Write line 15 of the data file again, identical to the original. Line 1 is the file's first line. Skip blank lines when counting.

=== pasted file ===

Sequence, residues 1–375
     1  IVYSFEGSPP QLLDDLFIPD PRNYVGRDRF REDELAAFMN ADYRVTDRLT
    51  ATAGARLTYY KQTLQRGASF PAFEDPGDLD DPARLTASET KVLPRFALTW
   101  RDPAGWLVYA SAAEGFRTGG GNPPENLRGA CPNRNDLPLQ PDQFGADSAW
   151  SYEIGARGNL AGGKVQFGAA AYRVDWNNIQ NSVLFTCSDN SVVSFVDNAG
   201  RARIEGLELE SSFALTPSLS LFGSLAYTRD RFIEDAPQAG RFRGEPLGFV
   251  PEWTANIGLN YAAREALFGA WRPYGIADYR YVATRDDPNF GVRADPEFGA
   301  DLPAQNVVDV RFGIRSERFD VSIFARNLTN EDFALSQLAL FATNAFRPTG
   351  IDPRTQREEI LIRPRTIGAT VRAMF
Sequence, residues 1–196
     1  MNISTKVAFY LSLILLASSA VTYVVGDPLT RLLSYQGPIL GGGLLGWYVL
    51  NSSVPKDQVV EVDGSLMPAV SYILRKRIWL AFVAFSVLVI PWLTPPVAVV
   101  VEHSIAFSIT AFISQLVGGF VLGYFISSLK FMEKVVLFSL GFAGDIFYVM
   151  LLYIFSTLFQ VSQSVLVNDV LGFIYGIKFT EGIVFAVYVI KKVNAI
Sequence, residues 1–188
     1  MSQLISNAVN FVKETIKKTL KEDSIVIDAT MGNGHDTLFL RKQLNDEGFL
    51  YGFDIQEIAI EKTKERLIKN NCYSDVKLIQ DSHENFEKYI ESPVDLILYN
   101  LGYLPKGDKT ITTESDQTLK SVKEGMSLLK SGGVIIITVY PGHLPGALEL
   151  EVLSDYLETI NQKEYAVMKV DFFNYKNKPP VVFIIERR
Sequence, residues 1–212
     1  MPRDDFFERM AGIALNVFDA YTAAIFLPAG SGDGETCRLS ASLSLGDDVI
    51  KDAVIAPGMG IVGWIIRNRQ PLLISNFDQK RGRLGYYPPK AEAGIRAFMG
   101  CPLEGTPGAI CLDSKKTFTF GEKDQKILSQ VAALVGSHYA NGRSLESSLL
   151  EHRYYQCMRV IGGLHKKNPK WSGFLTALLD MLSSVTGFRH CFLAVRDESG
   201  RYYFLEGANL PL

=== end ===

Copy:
Sequence, residues 1–188